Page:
Battling ‘overdevelopment’ nightmare

LIDCOMBE and Berala would be “stretched to their limits” if a proposal for new apartment buildings gets the go ahead without additional infrastructure.

The State Government plans to change zonings to allow the development of six-storey apartment buildings within 400 metres of several rail stations across Sydney, including Berala and Lidcombe, which it identified as being capable of accommodating 138,000 new homes within existing enabling infrastructure.
The plans have councillors asking ‘where will the children play and go to school’, and ‘how will the streets cope with the increased traffic’?
However, Cumberland Council will write to the Premier opposing the proposed changes without the infrastructure development and consultation with the local community.
Cr Sabrin Farooqui said looking for housing was essential but the community and council must be consulted, and additional infrastructure must be included.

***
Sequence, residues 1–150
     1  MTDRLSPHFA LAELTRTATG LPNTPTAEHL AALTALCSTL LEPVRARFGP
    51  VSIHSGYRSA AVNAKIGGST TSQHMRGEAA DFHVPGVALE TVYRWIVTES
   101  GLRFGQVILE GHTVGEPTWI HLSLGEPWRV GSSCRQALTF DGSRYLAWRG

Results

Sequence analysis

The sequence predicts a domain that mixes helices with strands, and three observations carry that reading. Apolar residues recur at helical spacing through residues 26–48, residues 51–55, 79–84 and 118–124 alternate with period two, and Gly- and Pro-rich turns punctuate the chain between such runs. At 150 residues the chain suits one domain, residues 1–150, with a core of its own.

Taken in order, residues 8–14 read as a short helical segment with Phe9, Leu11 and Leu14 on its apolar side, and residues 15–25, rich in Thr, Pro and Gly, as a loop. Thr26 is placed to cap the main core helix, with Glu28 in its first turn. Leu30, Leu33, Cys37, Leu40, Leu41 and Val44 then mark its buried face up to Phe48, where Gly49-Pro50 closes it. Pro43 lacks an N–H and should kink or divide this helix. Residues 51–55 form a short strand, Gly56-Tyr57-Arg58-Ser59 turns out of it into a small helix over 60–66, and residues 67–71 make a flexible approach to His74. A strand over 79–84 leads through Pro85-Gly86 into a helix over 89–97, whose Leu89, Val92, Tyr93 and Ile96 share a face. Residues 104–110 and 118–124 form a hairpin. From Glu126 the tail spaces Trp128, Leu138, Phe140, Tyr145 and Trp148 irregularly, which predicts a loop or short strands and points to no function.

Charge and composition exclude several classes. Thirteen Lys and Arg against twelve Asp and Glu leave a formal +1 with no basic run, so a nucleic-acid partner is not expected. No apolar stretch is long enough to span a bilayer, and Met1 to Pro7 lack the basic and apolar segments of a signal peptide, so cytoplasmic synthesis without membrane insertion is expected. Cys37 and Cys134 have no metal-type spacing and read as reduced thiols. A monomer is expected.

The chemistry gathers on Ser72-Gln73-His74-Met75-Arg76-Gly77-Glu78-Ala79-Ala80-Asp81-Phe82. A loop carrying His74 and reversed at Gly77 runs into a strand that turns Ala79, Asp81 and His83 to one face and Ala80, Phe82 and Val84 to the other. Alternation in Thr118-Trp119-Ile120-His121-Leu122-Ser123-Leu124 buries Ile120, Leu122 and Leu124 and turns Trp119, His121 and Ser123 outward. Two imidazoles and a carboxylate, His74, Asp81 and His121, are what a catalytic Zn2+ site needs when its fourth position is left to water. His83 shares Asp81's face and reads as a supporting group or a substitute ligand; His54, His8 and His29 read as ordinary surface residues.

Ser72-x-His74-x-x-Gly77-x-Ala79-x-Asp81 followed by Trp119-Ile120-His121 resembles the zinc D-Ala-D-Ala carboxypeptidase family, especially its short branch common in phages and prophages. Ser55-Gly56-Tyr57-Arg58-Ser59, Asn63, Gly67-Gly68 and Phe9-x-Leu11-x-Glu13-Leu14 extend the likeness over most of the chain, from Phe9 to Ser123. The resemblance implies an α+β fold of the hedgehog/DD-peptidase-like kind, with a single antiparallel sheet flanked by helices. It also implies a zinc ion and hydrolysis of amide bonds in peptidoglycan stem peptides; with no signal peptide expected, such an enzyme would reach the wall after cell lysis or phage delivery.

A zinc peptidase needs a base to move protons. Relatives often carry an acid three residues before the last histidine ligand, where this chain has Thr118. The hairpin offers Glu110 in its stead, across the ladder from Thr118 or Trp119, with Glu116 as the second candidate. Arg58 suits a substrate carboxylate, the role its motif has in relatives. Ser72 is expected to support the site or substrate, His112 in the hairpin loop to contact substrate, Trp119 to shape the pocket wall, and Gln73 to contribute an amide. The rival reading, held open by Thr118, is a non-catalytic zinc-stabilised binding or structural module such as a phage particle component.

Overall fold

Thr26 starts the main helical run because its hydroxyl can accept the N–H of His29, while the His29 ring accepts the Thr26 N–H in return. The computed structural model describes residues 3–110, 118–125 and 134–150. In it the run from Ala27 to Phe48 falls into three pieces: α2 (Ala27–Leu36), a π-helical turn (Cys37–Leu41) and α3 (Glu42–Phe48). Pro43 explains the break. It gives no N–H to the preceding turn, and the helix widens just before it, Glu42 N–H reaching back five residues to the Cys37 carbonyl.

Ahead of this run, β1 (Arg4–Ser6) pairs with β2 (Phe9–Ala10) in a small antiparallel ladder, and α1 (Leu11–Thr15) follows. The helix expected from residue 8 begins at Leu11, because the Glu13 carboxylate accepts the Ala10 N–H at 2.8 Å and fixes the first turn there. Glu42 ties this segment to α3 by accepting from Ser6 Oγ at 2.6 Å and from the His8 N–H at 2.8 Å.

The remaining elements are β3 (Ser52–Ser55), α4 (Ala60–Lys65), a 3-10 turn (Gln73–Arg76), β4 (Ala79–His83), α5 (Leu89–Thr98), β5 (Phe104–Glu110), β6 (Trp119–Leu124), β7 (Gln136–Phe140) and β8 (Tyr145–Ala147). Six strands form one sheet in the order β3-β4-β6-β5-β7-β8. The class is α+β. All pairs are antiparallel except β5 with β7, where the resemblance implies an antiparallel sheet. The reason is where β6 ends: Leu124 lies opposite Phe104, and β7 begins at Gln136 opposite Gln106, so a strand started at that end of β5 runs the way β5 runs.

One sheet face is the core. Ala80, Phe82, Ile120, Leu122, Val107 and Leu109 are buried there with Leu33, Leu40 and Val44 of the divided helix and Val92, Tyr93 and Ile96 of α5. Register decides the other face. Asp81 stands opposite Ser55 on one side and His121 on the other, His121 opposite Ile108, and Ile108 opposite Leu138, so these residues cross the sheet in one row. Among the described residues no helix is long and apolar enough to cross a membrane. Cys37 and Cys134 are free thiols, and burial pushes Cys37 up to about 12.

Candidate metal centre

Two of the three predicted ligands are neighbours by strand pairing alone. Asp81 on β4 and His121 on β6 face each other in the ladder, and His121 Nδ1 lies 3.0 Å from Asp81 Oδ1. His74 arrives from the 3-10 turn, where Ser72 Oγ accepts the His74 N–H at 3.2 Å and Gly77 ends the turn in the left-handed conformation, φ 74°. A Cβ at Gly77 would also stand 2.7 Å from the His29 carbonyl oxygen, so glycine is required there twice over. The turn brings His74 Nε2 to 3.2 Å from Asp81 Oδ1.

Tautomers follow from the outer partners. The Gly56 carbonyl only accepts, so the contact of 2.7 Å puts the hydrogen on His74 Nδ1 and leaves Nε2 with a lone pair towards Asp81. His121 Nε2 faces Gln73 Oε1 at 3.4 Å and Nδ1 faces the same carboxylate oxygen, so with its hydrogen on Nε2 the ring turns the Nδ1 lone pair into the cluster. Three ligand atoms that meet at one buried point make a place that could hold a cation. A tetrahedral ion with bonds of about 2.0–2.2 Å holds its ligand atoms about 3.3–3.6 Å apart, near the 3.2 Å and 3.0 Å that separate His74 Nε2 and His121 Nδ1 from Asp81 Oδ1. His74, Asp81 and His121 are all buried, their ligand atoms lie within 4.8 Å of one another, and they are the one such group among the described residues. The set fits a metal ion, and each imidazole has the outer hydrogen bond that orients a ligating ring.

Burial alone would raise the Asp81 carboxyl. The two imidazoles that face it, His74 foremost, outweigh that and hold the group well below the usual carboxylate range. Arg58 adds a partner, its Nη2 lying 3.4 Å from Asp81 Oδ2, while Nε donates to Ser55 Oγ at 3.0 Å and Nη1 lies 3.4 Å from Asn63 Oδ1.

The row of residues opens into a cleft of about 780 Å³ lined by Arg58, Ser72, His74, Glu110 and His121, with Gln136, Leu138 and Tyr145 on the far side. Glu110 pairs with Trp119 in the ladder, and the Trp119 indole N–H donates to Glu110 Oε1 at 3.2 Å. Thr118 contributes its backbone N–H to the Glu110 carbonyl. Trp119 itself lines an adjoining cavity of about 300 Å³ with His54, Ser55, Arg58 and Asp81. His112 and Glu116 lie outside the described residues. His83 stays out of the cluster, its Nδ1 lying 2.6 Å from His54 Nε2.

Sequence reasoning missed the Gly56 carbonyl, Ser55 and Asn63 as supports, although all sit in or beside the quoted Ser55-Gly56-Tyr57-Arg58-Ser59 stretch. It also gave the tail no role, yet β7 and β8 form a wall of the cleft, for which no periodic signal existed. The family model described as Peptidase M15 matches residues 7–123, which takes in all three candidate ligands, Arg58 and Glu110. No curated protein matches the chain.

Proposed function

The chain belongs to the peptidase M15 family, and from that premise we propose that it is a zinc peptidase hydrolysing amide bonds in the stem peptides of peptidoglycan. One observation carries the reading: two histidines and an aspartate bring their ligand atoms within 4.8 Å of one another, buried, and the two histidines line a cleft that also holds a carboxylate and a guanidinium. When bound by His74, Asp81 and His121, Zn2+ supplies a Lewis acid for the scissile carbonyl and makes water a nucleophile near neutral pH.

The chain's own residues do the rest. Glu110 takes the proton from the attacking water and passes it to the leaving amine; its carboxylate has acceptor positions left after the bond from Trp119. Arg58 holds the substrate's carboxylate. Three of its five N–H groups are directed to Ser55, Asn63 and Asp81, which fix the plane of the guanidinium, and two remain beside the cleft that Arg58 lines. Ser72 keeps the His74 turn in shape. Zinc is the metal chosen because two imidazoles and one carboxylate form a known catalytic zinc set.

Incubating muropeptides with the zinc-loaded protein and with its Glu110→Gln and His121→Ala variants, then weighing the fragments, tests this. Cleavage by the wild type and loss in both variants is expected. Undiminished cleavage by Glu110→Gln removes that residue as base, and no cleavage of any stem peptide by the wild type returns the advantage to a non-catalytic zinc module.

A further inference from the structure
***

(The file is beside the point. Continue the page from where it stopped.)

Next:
“Western Sydney is not a dumping ground, our residents deserve quality of life,” she said.
“We understand housing is needed but what about the related infrastructure development … are we going to have more schools, more parking, more public transport, more green space? The answer is no.
“All the parks are used at their maximum capacity and parking is a nightmare.”
Councillor Steve Christou fears the letter will fall on deaf ears and said “I won’t be holding my breathe for a reply”.
Almost two months after the council wrote to the State Government rejecting plans for an increase in low and medium density zones, it is still waiting a reply.
“The council must slam these proposals … they are ludicrous,” he said.
“I’m totally against the uplift.”
Cr Helen Hughes said she had been contacted by lots of worried residents and was concerned about how their daily lives would be affected.
“We do not have the infrastructure and the people don’t want overdevelopment,” she said.
Cr Kun Huang said he was disappointed the council and the community hadn’t been consulted.
The State Government said all the reforms do is require councils to consider developments they have previously completely ruled out.